77. It's kind of nice for development because it works nicely for
  78. development machines just like production, you just have to run the
  79. build tool and you have a nice local copy. One of the problems though
  80. is you, as the developer setting up the Buildout, become responsible
  81. for getting *everything* to build. If you are doing things like
  82. compiling a database this becomes rather burdensome. If you are using
  83. a database but you aren't compiling it, you then have to figure out
  84. integration with people's systems. It gives you the power to solve
  85. people's problems -- a genuine benefit -- but it also gives you the
  86. *responsibility* to solve people's problems. You can't just say
  87. "install X however is appropriate on your system".
  88. Another big problem I have with doing builds on deployment is that you
  89. have to go onto the server, run a bunch of stuff, handle any failures
  90. (which are both possible and fairly common), confirm the result, and
  91. then activate the new build. This is incredibly un-fun.
  92. There is *absolutely no building* when you deploy an application with
  93. Silver Lining. Files are copied over. Maybe your app gets a little
  94. chance to set itself up (``update_fetch``). In the future Silver Lining
  95. will probably handle backups, simple testing (to see if the app runs
  96. at all) and reverting the application when there's a failure. But
  97. there are no compiler errors. New hard-coded paths aren't introduced.
  98. It's simple.
  99. In my experience this *greatly* increases the ease and reliability of
  100. deployments. If you have a small problem with your application, you
  101. can fix it and deploy it and feel pretty confident your small fix will
  102. have small effects.
  103. libraries are handled separately
  104. ========================================
  105. You'll notice if you need to use some library that isn't pure-Python,
  106. you need to have the Ubuntu package for that library installed. This
  107. happens somewhat implicitly for services, and more explicitly with the
  108. ``packages`` `configuration setting <appconfig.html>`_.
  109. Generally I've found that Ubuntu packaging of such libraries (a) works
  110. well, (b) is stable and updates are appropriately conservative (c) is
  111. new enough. Pure-Python libraries generally get updated much more
  112. frequently, but everyone treats these C libraries more
  113. conservatively. You *should* treat C libraries more conservatively.
  114. This doesn't entirely stop you from handling a volatile C library, or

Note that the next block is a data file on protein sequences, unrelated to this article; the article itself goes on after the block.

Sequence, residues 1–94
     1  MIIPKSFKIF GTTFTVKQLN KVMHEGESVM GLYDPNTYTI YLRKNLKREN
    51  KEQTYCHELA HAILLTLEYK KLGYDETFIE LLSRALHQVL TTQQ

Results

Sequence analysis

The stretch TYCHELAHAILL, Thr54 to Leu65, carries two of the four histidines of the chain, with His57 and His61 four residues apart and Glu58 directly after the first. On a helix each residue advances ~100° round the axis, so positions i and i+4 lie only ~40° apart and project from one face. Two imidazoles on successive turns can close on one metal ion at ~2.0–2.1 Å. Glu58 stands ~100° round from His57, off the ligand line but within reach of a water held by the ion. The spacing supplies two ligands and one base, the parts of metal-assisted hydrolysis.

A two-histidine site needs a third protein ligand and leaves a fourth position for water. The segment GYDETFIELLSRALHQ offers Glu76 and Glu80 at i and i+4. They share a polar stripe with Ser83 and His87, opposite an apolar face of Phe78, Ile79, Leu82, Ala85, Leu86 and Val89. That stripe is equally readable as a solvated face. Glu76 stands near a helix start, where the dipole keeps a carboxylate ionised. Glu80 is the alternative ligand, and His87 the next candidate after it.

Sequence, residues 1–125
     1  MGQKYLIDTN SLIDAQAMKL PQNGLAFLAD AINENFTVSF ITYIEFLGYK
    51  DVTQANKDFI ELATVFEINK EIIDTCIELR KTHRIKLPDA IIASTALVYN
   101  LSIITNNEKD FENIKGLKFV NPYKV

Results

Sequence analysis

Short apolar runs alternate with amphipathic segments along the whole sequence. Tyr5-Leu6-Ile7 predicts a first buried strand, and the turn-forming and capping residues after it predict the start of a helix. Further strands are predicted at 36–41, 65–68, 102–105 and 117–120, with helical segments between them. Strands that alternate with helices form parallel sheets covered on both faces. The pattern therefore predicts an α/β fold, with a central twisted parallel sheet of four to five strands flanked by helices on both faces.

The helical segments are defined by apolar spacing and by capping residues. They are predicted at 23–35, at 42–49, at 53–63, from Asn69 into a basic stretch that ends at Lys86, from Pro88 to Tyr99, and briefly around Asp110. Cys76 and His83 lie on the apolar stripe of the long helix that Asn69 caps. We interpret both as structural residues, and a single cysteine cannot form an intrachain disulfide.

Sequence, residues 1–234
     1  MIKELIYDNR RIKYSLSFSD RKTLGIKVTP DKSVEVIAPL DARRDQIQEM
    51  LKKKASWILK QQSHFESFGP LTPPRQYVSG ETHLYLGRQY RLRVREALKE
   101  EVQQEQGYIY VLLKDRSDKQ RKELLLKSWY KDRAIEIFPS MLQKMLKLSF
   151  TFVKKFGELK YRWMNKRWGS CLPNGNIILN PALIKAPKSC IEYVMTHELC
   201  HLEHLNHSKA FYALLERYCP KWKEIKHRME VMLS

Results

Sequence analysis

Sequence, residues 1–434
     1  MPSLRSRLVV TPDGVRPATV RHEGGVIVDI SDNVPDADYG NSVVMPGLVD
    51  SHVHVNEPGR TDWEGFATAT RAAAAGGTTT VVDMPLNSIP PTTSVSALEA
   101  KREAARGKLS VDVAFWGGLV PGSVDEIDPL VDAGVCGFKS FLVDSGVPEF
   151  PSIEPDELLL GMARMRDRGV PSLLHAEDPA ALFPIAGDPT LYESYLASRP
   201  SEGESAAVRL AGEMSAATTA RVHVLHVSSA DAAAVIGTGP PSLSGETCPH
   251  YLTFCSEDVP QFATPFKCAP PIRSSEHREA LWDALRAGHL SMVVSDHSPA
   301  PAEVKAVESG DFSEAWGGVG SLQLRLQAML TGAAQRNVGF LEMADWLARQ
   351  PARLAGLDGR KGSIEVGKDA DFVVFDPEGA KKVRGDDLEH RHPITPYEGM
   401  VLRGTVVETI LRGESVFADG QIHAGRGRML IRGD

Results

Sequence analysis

115. even developing one in concert with your application. But you will
  116. have to turn it into a Debian package and probably create a Launchpad
  117. PPA. It's substantial work, but before you go messing with C
  118. libraries in your application you should be ready to do a lot of work
  119. anyway.
  120. Application API has a small surface area
  121. ========================================
  122. Exactly *how* Silver Lining works will change over time. There are a
  123. lot of places to generalize and expand its operation. As this happens
  124. it is important that Silver Lining applications *not* change very
  125. much.
  126. Right now the API for Silver Lining is fairly small (from the
  127. perspective of an application). There are some environmental
  128. variables, there is a small ``app.ini`` configuration file.
  129. While no doubt there are some additions to be made to the application
  130. API, I want to keep those additions as small as possible. Building up
  131. the infrastructure *around* applications is okay; generally that means
  132. stuff that we can iterate on, figure out, maybe discard. So long as
  133. applications are kept abstracted from the environment we have a lot of
  134. flexibility. As soon as we collapse the application with the
  135. environment we're going to have constraints and future problems. So:
  136. we must resist doing that.
  137. We should also consider Java as a counterexample. In the JVM
  138. environment they abstracted away anything resembling a specific
  139. operating system. Python hasn't done that, and I don't want to do
  140. that; if the environment leaks into an application we should still
  141. resist creating an abstraction. Undocumented application abilities
  142. will get used and may be fragile, but they are better than documented
  143. APIs that get changed.
  144. Fabric
  145. ======
  146. This doesn't really qualify as a "design decision" as it's not a
  147. particularly deliberate decision, but because it is asked about a
  148. lot...